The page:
A good budgeting system can make managing your finances easier and less stressful. But making a budget can seem like a daunting task, especially if you’re already swamped with day-to-day tasks and stressed out about money. Luckily, budgeting isn’t rocket science. In principle, it comes down to keeping track of two things: money coming in and money going out

Getting started

To create your budget, you don’t necessarily need anything more complicated than a piece of paper and a pencil. If you want to get a bit more sophisticated, a spreadsheet will allow you to use embedded formulas to do some of the math for you. Online tools and mobile budgeting apps take this a step further with user-friendly prompts, greater automation, and the ability to track your financial goals over time. The key is to choose the method that works best for you.

While there are many types of budget, one of the most common is called the 50-30-20 budget. That simply means 50% of your income will go toward fixed expenses. Thirty percent will go toward variable expenses, and 20% will go to savings. (You can find out more about that here.)

Calculating your income

Whatever method or tool you choose, your first job is to add up all the money you expect to flow into your accounts over the next month. That means how much you expect to get paid after any withholding for taxes. If you earn a regular salary, look at a recent pay stub to get an exact amount. Also, take a look at next month’s calendar if you get paid every two weeks. Will there be two paydays, or three? 

If your income varies from month to month, write your budget as if next month’s pay will land on the lower end of the spectrum.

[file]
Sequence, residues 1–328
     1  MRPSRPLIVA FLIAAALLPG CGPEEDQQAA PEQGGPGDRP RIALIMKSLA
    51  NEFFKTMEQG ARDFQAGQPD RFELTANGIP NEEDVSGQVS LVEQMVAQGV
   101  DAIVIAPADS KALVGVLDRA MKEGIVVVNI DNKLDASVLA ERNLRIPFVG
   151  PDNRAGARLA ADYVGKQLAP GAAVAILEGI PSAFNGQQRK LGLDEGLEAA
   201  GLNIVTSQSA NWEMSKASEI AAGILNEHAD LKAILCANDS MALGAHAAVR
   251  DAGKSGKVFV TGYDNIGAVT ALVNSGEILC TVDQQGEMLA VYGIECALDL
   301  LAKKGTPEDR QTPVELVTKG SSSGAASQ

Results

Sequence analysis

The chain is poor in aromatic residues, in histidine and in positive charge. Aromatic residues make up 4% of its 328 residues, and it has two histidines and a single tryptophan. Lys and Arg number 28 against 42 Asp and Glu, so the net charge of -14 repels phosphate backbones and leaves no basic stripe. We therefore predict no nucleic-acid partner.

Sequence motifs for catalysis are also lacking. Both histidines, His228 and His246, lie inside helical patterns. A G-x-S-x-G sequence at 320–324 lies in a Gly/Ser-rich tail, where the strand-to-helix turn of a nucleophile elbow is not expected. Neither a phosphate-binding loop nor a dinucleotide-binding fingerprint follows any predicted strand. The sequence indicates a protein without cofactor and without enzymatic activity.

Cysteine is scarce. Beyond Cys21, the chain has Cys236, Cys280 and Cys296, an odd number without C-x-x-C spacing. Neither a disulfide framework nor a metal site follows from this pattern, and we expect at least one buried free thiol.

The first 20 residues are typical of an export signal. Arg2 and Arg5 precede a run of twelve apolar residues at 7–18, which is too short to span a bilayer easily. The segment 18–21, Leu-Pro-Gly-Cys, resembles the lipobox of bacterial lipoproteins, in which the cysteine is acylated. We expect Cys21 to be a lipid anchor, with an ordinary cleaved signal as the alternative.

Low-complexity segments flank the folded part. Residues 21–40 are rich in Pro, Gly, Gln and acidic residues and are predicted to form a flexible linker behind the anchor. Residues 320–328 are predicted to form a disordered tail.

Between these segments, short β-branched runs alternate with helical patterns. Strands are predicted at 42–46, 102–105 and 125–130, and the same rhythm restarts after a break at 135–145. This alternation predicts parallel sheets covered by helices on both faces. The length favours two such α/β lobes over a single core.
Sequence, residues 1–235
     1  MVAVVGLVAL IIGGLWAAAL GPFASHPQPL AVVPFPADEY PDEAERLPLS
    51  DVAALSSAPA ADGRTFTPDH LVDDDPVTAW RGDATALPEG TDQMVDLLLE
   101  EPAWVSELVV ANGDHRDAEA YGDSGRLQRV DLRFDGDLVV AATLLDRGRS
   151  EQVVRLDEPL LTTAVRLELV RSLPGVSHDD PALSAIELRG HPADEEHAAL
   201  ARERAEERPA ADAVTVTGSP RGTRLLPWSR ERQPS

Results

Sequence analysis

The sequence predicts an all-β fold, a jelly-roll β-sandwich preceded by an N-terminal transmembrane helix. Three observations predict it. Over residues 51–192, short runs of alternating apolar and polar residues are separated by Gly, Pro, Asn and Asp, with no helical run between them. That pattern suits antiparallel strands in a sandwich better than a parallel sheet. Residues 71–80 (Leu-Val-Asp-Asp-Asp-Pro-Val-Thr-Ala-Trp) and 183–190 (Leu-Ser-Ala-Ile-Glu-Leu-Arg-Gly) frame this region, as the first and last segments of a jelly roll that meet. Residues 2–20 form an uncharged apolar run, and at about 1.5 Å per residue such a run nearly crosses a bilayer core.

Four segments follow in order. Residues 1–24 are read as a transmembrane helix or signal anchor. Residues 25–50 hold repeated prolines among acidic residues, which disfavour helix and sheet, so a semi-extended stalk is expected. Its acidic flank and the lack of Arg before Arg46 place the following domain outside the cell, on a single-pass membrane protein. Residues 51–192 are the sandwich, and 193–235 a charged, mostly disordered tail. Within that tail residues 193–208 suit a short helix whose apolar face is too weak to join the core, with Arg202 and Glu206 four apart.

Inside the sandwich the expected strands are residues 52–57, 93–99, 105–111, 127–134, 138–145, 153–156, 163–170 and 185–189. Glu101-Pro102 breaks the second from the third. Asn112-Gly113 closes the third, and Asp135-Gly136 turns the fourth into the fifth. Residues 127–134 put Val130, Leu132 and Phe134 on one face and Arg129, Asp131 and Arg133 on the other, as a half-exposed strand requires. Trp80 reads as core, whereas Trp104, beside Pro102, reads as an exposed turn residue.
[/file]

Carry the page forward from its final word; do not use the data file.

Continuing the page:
Your paycheck may not be your only source of income, either. Remember to include sources of additional income such as seasonal work, freelance projects, alimony, tax refunds or unemployment benefits as well. Include each source of income while creating a monthly budget under its own category and add the estimates together to come up with a total. Here’s an example:

Monthly Income

IncomeAmount
Full-time job $2,038.28
Investment dividends$53.67
Seasonal lifeguard gig$400
Total$2,491.95

Calculating  your expenses

Your expenses for the month will include everything on which you plan to spend money. It’s worth taking your time on this step, because it’s important not to leave anything out. Start with fixed expenses—all the necessary costs that don’t change from month to month, such as your rent or mortgage, loan payments and fixed fees for utilities. Also include any non-monthly payments that will come due in the next month, such as annual insurance premiums.

Next, figure out  the essential variable expenses—all the necessary costs that change based on how much you use them. For example, your electric bill, the amount you spend on groceries and the cost of ongoing medical treatments probably won’t be the same from month to month, but they should fall into a predictable range. Some expenses may also fluctuate from season to season, such as fuel oil or natural gas for heating. In these cases, you may need to hunt down some old statements or receipts to figure out the correct estimates. Just remember, it’s better to overestimate than underestimate these expenses—you want to be sure you can cover the month’s essentials, even under a worst-case scenario.

Finally, add non-essential, or variable, expenses—optional things you plan to spend money on during the month. Include things like monthly subscriptions, gym memberships, restaurant meals, vacation travel and holiday gifts.